Eight Light. They provide indirect light to improve videos. When these lights are used, the on camera light provides fill light to reducethe harsh shows. Sometimes, the fill light is not needed, for example, when suspended particles are in the water. Light from the LEDs around the camera bounces off these particles and goes directly back into the camera. This is a type of glare that reduces the quality of the image in several ways. GeoVISION stainless steel cameras has an on/off switch that allow the operator to turn off the camera lights and use only the supplemental lights.
The camera On /Off switch allows the user to turn the LED's mounted around the lens of the GeoVISION Standard, nano, and micro cameras on or off depending on the situation.
|The left column shows the borehole with light provided by the Super Eight Light only.||The right column shows the borehole with light provided by both the camera lights and the Super Eight Light on.|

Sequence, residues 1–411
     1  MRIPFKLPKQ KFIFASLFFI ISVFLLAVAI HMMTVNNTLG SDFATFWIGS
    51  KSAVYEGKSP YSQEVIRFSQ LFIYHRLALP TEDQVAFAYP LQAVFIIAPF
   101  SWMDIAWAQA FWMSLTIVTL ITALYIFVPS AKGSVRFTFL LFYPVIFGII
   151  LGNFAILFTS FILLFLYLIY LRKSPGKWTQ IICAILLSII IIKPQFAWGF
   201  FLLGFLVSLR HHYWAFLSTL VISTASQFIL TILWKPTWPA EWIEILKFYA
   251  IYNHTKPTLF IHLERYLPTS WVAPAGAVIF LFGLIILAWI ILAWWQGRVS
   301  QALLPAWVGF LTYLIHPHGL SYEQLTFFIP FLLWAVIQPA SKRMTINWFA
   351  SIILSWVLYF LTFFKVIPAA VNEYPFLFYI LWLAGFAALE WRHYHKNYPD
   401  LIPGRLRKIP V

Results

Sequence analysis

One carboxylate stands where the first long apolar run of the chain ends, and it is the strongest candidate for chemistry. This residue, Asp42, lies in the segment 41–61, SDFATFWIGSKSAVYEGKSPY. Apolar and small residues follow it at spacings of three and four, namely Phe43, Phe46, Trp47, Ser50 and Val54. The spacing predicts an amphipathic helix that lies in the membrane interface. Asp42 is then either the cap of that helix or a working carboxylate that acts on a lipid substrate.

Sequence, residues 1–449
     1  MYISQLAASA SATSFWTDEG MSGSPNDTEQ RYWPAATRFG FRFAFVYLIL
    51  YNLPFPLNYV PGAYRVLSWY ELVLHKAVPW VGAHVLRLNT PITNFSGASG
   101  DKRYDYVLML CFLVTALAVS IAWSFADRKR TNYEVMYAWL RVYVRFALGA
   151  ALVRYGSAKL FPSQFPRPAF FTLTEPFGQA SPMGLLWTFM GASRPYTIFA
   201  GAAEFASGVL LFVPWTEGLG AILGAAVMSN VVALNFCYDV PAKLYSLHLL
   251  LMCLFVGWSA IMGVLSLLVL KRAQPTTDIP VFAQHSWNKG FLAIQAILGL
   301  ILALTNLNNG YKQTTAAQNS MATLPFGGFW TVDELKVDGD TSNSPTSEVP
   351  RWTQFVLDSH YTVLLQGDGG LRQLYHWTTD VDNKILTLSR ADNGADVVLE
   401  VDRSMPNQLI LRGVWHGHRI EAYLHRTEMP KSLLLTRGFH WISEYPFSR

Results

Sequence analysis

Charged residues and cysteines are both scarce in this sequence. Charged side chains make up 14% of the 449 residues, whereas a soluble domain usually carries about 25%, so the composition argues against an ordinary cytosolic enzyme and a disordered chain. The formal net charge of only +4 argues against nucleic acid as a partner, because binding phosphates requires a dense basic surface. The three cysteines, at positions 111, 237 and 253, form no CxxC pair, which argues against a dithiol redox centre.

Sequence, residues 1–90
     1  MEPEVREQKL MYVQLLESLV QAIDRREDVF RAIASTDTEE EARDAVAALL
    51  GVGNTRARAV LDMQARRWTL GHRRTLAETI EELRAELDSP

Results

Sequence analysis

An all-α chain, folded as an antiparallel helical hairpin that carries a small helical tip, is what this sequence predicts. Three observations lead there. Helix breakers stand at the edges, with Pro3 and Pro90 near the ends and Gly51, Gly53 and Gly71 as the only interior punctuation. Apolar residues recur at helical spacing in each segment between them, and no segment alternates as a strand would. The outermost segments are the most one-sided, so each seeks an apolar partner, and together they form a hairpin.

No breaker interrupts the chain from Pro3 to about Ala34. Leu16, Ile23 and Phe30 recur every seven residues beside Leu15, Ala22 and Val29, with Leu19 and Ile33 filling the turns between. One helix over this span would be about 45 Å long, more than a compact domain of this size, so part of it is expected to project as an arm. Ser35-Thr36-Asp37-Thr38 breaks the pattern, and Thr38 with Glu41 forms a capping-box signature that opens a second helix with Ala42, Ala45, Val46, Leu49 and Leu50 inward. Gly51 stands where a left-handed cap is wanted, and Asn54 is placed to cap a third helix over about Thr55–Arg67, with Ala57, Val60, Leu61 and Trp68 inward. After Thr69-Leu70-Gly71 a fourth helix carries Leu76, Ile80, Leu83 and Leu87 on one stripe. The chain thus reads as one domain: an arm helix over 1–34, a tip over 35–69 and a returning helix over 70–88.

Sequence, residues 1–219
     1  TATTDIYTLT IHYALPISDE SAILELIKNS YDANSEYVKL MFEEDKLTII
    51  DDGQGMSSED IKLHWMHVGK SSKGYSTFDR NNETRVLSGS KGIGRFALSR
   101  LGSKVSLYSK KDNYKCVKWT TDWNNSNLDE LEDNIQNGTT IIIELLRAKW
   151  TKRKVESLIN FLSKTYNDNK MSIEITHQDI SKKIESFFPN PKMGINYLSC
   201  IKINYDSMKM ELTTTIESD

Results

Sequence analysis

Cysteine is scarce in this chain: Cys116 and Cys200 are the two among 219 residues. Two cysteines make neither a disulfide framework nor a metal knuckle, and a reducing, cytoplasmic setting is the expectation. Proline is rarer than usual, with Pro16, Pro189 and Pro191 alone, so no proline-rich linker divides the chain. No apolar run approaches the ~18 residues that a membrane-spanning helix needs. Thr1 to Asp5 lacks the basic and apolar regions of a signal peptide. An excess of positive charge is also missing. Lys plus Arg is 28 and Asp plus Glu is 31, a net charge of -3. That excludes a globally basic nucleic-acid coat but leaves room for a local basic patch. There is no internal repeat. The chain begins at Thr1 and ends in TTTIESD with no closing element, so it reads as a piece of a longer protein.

The first two images below have no glare, as indirect
rarely produces glare.
The Super Eight Light which is located above the camera in these images is on and the "On Camera" lights are off.
|The first two images below show glare from suspended particles and the bore hole walls. "On camera" light produces glare, because as with most borehole cameras, the LED lights are next to the camera lens. This causes the light to reflect directly back into the camera lens.|
|There are no suspended particles in this image. The indirect lighting from only the Super Eight Light give shadows that give the perception of depth||There are no suspended particles in this image. The direct lighting from the "On camera" lights removes the shadows and give a flat appearance.|
|Light from the Super Eight Light bounces off the borehole walls providing indirect light, which gives the image much more texture and depth with no glare.||Light from the on camera lights bounces off the suspended particles in the water causing glare.|
|The images below show texture and depth since the off camera Super Eight light produces shadow as the light comes from behind the camera and bounces off the borehole walls. Indirect light is an important factor in photography and in obtaining images that are easier to understand.||The images below have a flat appearance with little texture, since there is no shadow. Most of the light comes from the "On Camera" lights, which are very close to the camera lens.|